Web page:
NBA 2023 Northwest Division Preview

Denver repeating, Edwards’ leap, Blazers’ young core, Thunders’ core’s growth, and where do the Jazz go?

Simply Ballin
16 min readOct 9, 2023

The NBA season is almost here. It’s that time of year where it’s so close that you just can’t wait for it to start because it’s been far too long now without NBA basketball.

So, for the next week or so, here are the division previews. In each preview, I’ll be going through some of the main questions for each team and discuss what’s in store in the upcoming season.

Today, we’re going through the northwest division:

  • Denver’s chance of repeating?
  • How will the Wolves look like with more continuity?
  • How will all the young guys fit and look with the Blazers?
  • Can everyone take some form of leap for the Thunder?
  • What even is the Jazz’s plan for this season?

Denver Nuggets

Fresh of winning a championship, the goals for the Nuggets are simple this season and that’s to defend their title.

Despite all the moves around the league — whether that’s Damian Lillard teaming up with Giannis Antetokounmpo in Milwaukee, the Phoenix Suns forming a big three with Bradley Beal, Kevin Durant, and Devin Booker, the Boston Celtics adding both Jrue Holiday and Kristaps Porzingis, or countless of other moves — I still believe that the Nuggets are and should be the favorites to win.

(also side note, that’s a lot of moves being made everywhere)

But the Nuggets didn’t make any significant moves in the off-season. In fact, you can make a case they got worse by losing two solid rotational pieces in the playoffs.

And with that, I have five questions for the Nuggets for this season:

  1. How big of a loss is losing Jeff Green and Bruce Brown?
  2. How will the young bench contribute?
  3. Do they still have the best starting five in the league?
  4. Can their offense remain to be historic?
  5. Can they defend their title and win back-to-back championships?

Both Green and Brown were key players in the playoffs. They played all 20 games and played 17.2 and 26.5 minutes per game, respectively.

Losing that is going to hurt because who do they replace that with? Will Christian Braun going to have an increase in minutes(he played 13 minutes per game)? Is it going to be Reggie Jackson? It might be done by committee with a bunch of younger players but that’s still having to replace almost 900 worth of minutes.

One thing about losing Brown is who’s going to replace his rim pressure? Did you know in the playoffs, he had a 34% rim frequency? And he shot 76% there and only 37% of it was assisted! Out of anyone with at least 20 shots at the rim, he had the lowest assisted percentage.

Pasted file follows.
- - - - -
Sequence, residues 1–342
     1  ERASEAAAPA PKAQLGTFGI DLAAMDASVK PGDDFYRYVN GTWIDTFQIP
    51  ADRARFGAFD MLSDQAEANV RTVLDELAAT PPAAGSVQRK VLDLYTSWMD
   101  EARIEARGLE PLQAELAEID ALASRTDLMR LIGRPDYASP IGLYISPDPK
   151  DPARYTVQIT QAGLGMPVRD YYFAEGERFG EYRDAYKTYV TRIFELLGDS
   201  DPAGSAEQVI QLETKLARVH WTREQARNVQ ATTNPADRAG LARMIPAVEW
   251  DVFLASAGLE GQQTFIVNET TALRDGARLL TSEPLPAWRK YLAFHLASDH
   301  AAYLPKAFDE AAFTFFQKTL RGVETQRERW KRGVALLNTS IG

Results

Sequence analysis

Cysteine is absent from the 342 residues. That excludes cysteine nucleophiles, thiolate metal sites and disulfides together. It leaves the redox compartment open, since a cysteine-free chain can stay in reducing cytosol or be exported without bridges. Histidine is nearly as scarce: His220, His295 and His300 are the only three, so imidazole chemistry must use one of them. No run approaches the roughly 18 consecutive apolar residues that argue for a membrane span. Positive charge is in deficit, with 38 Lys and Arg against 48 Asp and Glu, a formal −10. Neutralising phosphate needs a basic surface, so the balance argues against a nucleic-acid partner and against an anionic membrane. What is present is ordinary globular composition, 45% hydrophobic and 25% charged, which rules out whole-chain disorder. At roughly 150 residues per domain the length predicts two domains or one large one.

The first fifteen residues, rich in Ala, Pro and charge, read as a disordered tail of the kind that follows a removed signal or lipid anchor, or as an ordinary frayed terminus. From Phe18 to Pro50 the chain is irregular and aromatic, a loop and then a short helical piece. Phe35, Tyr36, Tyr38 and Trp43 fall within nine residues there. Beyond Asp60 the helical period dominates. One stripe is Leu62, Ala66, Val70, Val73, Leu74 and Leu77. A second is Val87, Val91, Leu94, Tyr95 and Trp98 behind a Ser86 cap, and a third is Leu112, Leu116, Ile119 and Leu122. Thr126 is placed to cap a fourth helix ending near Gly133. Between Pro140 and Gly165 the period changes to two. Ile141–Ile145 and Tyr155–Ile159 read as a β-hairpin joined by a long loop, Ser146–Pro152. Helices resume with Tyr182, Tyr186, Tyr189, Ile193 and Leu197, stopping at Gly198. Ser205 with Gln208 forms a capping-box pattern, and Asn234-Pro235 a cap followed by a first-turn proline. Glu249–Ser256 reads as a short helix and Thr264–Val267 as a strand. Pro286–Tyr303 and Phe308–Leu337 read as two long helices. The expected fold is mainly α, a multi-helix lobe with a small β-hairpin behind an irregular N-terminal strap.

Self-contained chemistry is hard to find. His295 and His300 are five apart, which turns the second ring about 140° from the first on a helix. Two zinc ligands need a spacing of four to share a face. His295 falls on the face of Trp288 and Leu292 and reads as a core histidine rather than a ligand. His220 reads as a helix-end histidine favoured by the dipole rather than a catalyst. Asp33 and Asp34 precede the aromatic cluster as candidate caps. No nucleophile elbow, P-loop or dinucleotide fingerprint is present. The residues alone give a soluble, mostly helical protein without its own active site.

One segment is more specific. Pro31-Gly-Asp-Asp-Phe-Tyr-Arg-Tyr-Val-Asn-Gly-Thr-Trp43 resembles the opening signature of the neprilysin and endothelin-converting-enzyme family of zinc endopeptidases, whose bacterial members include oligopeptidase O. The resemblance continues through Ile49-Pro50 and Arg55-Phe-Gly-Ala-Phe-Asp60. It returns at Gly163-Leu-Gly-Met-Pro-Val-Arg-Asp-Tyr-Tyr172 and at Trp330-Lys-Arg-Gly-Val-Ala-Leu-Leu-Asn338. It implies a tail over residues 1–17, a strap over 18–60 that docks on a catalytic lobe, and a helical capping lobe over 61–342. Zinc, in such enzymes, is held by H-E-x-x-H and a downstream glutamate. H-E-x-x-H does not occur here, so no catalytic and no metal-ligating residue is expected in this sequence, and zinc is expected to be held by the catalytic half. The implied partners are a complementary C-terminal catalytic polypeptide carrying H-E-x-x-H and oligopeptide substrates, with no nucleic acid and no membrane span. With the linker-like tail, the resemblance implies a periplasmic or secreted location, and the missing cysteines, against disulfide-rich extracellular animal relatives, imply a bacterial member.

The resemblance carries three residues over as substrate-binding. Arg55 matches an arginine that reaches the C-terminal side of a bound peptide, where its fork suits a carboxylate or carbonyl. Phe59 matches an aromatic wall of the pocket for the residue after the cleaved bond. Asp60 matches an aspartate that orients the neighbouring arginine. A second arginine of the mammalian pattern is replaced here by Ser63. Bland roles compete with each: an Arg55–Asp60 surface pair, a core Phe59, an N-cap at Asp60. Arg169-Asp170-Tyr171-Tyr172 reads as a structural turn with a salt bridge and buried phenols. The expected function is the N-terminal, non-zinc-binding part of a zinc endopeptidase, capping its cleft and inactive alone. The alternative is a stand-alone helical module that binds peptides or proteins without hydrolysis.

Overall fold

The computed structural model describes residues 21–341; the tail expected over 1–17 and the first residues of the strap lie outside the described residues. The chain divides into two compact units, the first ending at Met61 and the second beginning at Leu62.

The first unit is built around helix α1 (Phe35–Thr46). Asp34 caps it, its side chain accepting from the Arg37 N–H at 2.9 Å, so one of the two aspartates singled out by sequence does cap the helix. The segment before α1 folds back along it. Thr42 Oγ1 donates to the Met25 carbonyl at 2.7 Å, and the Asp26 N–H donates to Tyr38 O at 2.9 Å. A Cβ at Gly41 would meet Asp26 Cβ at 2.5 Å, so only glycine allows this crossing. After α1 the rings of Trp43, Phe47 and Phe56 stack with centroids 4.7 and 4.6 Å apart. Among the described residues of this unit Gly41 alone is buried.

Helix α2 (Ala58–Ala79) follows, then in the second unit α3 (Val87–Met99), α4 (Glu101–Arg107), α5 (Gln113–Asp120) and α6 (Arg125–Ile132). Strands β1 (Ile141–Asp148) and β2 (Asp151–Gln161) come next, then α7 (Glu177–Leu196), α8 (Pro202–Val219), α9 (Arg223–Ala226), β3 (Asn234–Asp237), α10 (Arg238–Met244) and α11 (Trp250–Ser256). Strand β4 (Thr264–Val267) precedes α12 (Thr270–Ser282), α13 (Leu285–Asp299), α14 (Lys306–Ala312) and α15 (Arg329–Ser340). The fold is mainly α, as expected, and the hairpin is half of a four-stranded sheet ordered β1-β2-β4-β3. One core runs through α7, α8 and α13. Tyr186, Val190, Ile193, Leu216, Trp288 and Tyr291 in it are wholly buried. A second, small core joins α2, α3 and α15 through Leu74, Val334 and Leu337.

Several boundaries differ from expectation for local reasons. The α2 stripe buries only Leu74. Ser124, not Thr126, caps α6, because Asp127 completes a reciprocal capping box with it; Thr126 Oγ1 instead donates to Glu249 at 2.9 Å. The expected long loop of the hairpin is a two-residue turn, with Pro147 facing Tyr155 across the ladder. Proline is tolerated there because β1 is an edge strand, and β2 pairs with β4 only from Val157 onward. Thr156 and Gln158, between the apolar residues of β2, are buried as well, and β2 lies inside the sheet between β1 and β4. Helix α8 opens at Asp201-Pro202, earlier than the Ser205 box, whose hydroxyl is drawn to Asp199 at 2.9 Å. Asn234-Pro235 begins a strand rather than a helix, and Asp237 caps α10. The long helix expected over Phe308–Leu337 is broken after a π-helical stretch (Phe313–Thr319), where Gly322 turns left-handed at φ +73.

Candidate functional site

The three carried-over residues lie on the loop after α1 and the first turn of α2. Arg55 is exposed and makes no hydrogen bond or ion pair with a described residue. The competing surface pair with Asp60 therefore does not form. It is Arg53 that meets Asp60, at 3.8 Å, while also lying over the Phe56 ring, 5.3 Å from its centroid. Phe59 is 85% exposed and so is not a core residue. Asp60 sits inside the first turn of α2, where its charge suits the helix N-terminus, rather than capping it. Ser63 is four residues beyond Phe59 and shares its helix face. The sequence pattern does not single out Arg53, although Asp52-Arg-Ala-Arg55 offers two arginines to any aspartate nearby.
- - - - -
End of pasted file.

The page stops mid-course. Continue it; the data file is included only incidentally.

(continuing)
And what about Green? Both he and Gordon were the main reasons why they were able to survive without Jokic in the playoffs. With Jokic off, per Cleaning the Glass, the Nuggets were plus 4.0 with a 108.9 defense. Whether it was Gordon or Green at the 5 is interchangeable, but they needed both to give them that versatility.

Are you replacing that with Zeke Nnaji who only played 12 minutes total? Or playing smaller with Christian Braun? That either feels worse or at least banking a lot on young guys getting better quickly.

And that’s what it looks like it’s going to be. They have six rookies heading into the season — though they are much older rookies. Regardless, after Michael Porter Jr, many young guys need to contribute.

That shouldn’t be as big of an issue if you consider that they still probably have the best starting five in the league.

Jamal Murray, Kentavious Caldwell-Pope, Michael Porter Jr, Aaron Gordon, Nikola Jokic:

  • 706 minutes
  • 201 raw plus-minus
  • Plus 12.9 net rating
  • 127.3 offensive rating
  • 114.4 defensive rating
  • 60.6% 2pt
  • 41.9% 3pt

I don’t think anyone comes close to this. Not only did they do this during a regular season but they continued like it was nothing in the playoffs too.

A lot of it has to do with Jokic being the best player in the league and being able to make everyone and everything even better. He has reached a historic status where just because you have him on the floor, it’s a huge advantage. He’s the reason why they have a ridiculous offense that makes it seem it’s out of 2k.

Here are the Nuggets offensive rating with Jokic on:

  • In the playoffs: 121.1
  • Vs Timberwolves: 121.5
  • Vs Suns: 124.9
  • Vs Lakers: 125.3
  • Vs Heat: 112.4

Outside of the Heat(where the team shot 28% from 3 but 59% from 2), having a consistent 120+ offense against all kinds of teams is something that’s unheard of — the only thing that comes close is the 2017 Golden State Warriors with both Stephen Curry and Kevin Durant. And honestly, I don’t see any reason why that won’t happen again, especially with growth from Porter and Murray.

Now, despite their poor off-season, I don’t think their losses are big enough to offset all of that. They still have the best player in the league(that’s a big advantage to have). The Murray-Jokic duo is arguably the best in the league. Three elite starters.

Their only issue is depth, but even that I think it’s overrated. Plus they can still make a potential move throughout the year and hope for a breakout season from a young player.

So, the answer to the last question is an easy yes right now.

Minnesota Timberwolves